ADDRESSES: E-mail—[email protected]
CAREER: Art historian, educator, and writer. René Magritte Catalogue Raisonn, senior editor, 1992-96; University of Edinburgh, Scotland, faculty member.
AWARDS, HONORS: Apollo Book of the Year, 2002, and British Academy Book Prize, 2003, both for Picasso: Style and Meaning.
On Classic Ground: Picasso, Léger, de Chirico, and the New Classicism, 1910-1930, Tate Gallery (London, England), 1990.
Picasso: Sculptor/Painter, Tate Gallery (London, England), 1994.
(Coeditor and contributor, with Keith Aspley and Peter Sharratt) From Rodin to Giacometti: Sculpture and Literature in France 1880-1950, Rodopi (Amsterdam, Netherlands), 2000.
Picasso: Style and Meaning, Phaidon Press (New York, NY), 2002.
Visiting Picasso: The Notebooks and Letters of Roland Penrose, Thames & Hudson (New York, NY), 2006.
Contributor to books, including Dada and Surrealism Reviewed, Arts Council, 1978; Richard Carline 1896-1980, Camden Arts Centre, 1983; Surrealism and After: The Gabrielle Keiller Collection, Scottish National Gallery of Modern Art (Edinburgh, Scotland), 1997; Matisse Picasso, Tate (London, England), 2002; and Pablo Picasso und Jacqueline: Vorletzte Gedanken, Kerber (Bielefeld, Germany), 2005; contributor to periodicals, including Art History and Apollo.
SIDELIGHTS: Elizabeth Cowling is an art historian whose interests include the artists Magritte, Matisse, and Picasso. She is a contributor to numerous art catalogs, including Matisse Picasso. According to Library Journal contributor Sandra Rothenberg, the catalog “is the first.…. to examine the visual dialog between the great 20th-century artists Pablo Picasso and Henri Matisse.” The book includes 220 color illustrations. A Publishers Weekly contributor noted that “the mini-essays are of high quality.”
The author has also served as editor and author of several art books. In From Rodin to Giacometti: Sculpture and Literature in France 1880-1950, Cowling and coeditors Keith Aspley and Peter Sharratt present fourteen essays focusing on sculptors and their creations. Cowling also contributed an essay to the book titled “Metaphor in Picasso’s Sculpture.” Writing in Modern Language Review, Andrew Rothwell noted that in her essay Cowling “demonstrates with great insight and economy that his sculptural metamorphosis of objects can fruitfully be regarded as a praxis of plastic metaphor.”
Picasso: Style and Meaning was called the “definitive text on the relationship between Picasso’s fathomless curiosity of life and his appropriation-approach to art” by Rebecca J. Martin in School Arts. In her book, Cowling presents an in-depth analysis of Picasso’s works and how they evolved over a nearly fifty-year period. “This is quite a good book,” wrote Philip Hensher in the Spectator.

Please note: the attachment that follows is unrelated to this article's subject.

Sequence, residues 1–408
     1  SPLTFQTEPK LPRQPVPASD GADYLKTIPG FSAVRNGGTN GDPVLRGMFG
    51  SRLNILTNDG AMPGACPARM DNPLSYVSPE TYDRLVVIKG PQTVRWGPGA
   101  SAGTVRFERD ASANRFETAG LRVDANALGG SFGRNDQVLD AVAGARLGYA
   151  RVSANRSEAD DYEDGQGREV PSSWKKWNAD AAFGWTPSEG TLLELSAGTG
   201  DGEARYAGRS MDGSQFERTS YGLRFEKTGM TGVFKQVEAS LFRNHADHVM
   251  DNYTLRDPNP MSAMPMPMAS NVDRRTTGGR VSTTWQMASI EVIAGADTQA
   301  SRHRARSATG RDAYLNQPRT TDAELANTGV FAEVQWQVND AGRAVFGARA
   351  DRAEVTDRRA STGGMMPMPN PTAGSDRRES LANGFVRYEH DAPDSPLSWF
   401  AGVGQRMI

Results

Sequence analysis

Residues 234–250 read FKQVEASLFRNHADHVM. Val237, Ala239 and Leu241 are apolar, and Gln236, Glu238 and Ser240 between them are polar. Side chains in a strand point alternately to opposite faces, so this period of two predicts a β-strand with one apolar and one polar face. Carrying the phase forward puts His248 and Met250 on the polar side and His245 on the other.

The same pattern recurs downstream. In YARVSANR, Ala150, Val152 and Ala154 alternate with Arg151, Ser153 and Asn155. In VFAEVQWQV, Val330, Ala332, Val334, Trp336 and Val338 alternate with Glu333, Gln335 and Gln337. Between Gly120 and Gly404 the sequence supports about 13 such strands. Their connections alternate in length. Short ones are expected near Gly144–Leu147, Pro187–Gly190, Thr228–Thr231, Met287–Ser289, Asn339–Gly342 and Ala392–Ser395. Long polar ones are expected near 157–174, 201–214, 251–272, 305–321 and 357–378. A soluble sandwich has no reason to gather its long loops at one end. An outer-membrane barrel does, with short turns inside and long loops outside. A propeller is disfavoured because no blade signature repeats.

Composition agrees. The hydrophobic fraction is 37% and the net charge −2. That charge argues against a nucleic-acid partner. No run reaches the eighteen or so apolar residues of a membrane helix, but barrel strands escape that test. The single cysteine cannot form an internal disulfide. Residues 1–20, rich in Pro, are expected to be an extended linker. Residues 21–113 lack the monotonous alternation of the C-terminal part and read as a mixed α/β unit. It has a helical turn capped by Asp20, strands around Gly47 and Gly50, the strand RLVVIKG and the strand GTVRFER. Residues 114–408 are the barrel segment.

In her 2006 book, Visiting Picasso: The Notebooks and Letters of Roland Penrose, Cowling tells the story behind Penrose’s early recognition of Pablo Picasso’s genius and his support of the artist over many years. A surrealist author and founder of the London Gallery and Institute of Contemporary Arts, Penrose met Picasso in 1938 while organizing the first London art exhibit for surrealists. The author went on to become a close confident of Picasso and wrote a biography of the artist. “Penrose ‘translated’ Picasso for the British public, and Elizabeth Cowling shows just how much anguish went into this Herculean task, how much hurt, how much rejection Penrose absorbed in the pursuit of his aim—the greater glory of Picasso,” wrote Judith Flanders in the Spectator. Clare Finn noted in Apollo: “To say that Cowling has quoted at length from Penrose must not, however, be thought to downplay what she has done.” Finn also wrote in the same review: “The book, which is packed with opinions and information, manages to be both a resource for Picasso scholars and a hugely readable memoir for the non-specialist.”
BIOGRAPHICAL AND CRITICAL SOURCES:
Apollo, July, 2006, Clare Finn, “The Man Who Was Married to Picasso: Clare Finn Welcomes the Publication of the Notes That Roland Penrose Kept of His Meetings with Picasso, Which Form an Unexpected Portrait,” review of Visiting Picasso: The Notebooks and Letters of Roland Penrose, p. 62.
Financial Times, June 3, 2006, Jackie Wullschlager, “The Intoxicated Admirer: The Man Who Championed the Work of Picasso Long before the Rest of the World Had Recognised His Genius Was at Once Brilliantly Perceptive and Dangerously Obsessed,” p. 28.
Library Journal, March 15, 2003, Sandra Rothenberg, review of Matisse Picasso, p. 80.
M2 Best Books, December 3, 2003, “Elizabeth Cowling Wins British Academy Book Prize.”
Modern Language Review, April, 2001, Andrew Roth-well, review of From Rodin to Giacometti: Sculpture and Literature in France 1880-1950, p. 517.
Publishers Weekly, February 10, 2003, review of Matisse Picasso, p. 179.
School Arts, September, 2005, Rebecca J. Martin, review of Picasso: Style and Meaning, p. 60.
Spectator, September 21, 2002, Philip Hensher, “In the Steps of the Master,” review of Picasso: Style and
Meaning, p. 40; May 13, 2006, Judith Flanders, “The Master and the Loyal Retainer,” review of Visiting Picasso.
British Academy Web site,http://www.britac.ac.uk/ (September 26, 2007), “Result of the British Academy Book Prize 2003.
University of Edinburgh History of Art Web site,http://www.arthistory.ed.ac.uk/ (September 26, 2007), faculty profile of author.*